Is work keeping dads from their other very important job: Being a parent?
Dads everywhere (Woody Allen aside) got the opportunity to spend quality time with their kids this past Father’s Day, though it appears this kind of “family time” may becoming more the exception than the rule. As it turns out, two in five working dads (43 percent) who have had a child in the last three years reported they didn’t take any paternity leave, according to CareerBuilder’s annual Father’s Day survey, conducted among 729 full-time working fathers with children 18 and under.
Even for those working dads who were able to take some, but not the full, allotted time off, 47 percent said they felt pressured by work to come back early, and 59 percent ended up taking only a week or less.
So, why are we seeing less balance for men between working life and life as a father? It appears that, across various industries, a still-struggling economy and the stress of prolonged economic certainty post-recession is causing many working dads to experience more work–and less time for father/child fishing excursions or trips to the ice cream shop.
As a result, decisions that involve supporting the family financially versus emotionally are often difficult to resolve:
- Bringing work home: More than one-third of working dads (36 percent) said they bring home work from the office, up from 27 percent in 2008.
- Likelihood of being a stay-at-home dad: Thirty-five percent of working dads said if their spouse or partner made enough money to support the family, they would consider trading their careers for a role as a stay-at-home dad (down from 37 percent in 2008).
- Willingness to take a pay cut – While working dads want to spend more time with their families, the number of dads willing to take a pay cut to do so has dropped since the recession. Thirty-three percent of working dads reported they would take a pay cut if it meant they have more quality time at home, down from 37 percent in 2008.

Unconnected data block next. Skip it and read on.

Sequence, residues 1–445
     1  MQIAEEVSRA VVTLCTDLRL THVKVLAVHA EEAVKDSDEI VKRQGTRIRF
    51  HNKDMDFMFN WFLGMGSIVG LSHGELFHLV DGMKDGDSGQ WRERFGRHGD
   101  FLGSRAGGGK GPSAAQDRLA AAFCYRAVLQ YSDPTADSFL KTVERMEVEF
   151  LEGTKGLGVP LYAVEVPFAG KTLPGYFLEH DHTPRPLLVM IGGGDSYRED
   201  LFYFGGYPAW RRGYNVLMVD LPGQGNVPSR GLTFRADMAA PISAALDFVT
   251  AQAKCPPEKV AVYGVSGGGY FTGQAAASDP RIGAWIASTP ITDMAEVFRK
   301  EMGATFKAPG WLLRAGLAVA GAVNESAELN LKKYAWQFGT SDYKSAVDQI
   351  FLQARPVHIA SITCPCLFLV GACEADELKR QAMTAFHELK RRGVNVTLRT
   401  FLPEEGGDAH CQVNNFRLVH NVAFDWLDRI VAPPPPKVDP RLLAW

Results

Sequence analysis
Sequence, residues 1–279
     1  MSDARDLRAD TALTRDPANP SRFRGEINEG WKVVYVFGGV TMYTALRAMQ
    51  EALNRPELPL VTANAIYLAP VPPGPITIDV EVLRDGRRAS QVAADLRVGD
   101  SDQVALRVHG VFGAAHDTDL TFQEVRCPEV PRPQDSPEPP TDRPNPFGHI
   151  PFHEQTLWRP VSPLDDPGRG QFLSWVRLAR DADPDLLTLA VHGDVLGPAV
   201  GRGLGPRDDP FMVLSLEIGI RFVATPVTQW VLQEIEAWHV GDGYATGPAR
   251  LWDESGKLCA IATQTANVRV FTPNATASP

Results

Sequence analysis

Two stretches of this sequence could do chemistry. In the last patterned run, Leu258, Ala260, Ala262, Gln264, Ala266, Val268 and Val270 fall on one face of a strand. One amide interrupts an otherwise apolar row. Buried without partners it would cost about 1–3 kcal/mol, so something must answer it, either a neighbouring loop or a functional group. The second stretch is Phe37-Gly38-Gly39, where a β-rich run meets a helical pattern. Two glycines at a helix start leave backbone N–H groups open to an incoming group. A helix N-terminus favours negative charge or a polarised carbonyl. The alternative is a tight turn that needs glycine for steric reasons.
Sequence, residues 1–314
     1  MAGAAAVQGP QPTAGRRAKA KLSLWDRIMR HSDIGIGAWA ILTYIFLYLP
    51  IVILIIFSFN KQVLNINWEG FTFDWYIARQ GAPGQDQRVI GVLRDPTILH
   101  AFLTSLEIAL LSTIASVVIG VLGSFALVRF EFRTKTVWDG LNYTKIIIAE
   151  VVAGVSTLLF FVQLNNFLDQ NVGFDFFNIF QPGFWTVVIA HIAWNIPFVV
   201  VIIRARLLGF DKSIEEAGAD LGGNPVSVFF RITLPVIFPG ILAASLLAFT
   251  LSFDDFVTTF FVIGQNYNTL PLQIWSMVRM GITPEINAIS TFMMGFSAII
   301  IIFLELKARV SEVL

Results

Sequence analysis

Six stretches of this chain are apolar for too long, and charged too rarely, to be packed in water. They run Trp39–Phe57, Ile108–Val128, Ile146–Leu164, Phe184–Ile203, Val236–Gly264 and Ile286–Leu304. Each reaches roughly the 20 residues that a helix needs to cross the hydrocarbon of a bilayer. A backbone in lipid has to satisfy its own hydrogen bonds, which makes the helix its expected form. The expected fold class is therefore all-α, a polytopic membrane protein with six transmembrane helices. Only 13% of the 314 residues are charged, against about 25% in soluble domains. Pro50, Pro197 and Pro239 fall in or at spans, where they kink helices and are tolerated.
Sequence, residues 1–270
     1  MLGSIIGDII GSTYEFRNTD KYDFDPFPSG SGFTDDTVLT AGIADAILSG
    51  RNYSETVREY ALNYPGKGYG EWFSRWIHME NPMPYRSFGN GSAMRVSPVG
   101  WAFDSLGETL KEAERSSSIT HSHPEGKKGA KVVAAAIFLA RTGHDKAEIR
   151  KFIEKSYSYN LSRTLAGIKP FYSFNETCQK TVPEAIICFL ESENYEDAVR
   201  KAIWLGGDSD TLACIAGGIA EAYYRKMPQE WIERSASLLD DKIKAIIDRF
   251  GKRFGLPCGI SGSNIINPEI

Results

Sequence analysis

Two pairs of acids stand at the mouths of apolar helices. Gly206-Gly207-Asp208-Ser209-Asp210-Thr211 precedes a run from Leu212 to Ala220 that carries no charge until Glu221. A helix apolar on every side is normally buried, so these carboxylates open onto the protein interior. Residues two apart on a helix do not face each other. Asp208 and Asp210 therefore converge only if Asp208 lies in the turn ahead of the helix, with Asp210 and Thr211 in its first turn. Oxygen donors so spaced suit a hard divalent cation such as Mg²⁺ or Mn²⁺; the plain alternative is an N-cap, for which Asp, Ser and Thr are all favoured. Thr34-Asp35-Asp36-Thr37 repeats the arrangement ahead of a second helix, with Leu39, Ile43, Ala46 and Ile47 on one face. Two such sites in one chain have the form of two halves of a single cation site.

Alex Green, general counsel for CareerBuilder and father of three, understands the need for work/family balance firsthand:
“For many households, the recession has affected family life as much as personal finances. Many families need dual incomes, and post-recession work environments often entail longer longer hours. Fortunately, we see more dads taking advantange of flexible work arrangements to try to make up the difference and have more quality time with their families.”
Twenty-two percent of fathers say their work has negatively affected relationships with their children, according to the survey, and 26 percent said work negatively affected relationships with their significant others. To help achieve a better work-life balance (and more sanity), Green recommends the following for working dads:
- Talk about it. Remember that communication is a two-way street. Besides just listening to what is going on at home, talk about what is going on in your office, so everyone understands why you are away or have to do some work when you are home.
- Scheduling is key to success. Add every family member’s schedule to one master calendar so there are no surprises. Also, save vacation days for important events and talk to your supervisor about flexible work arrangements.
- Establish a “no work” zone. Put down your Blackberry and avoid checking emails from the time you arrive home until after your children have gone to sleep.
- Consider flexible work arrangements. More companies are offering telecommuting options, flexible hours, condensed work weeks and other arrangements. Approach your boss with a game plan of how the new arrangement would work and how it will ultimately benefit the organization.
- It is ok to say no! In addition to actual work, activities associated with your job can sometimes take a toll on your free time. Determine what additional activities you can turn down and which are necessary so that you can free up more of your time outside the office.
What’s worked for you?
Working dads out there, do you have a solution that’s helped you better balance between the office and the family? Let us know.Related
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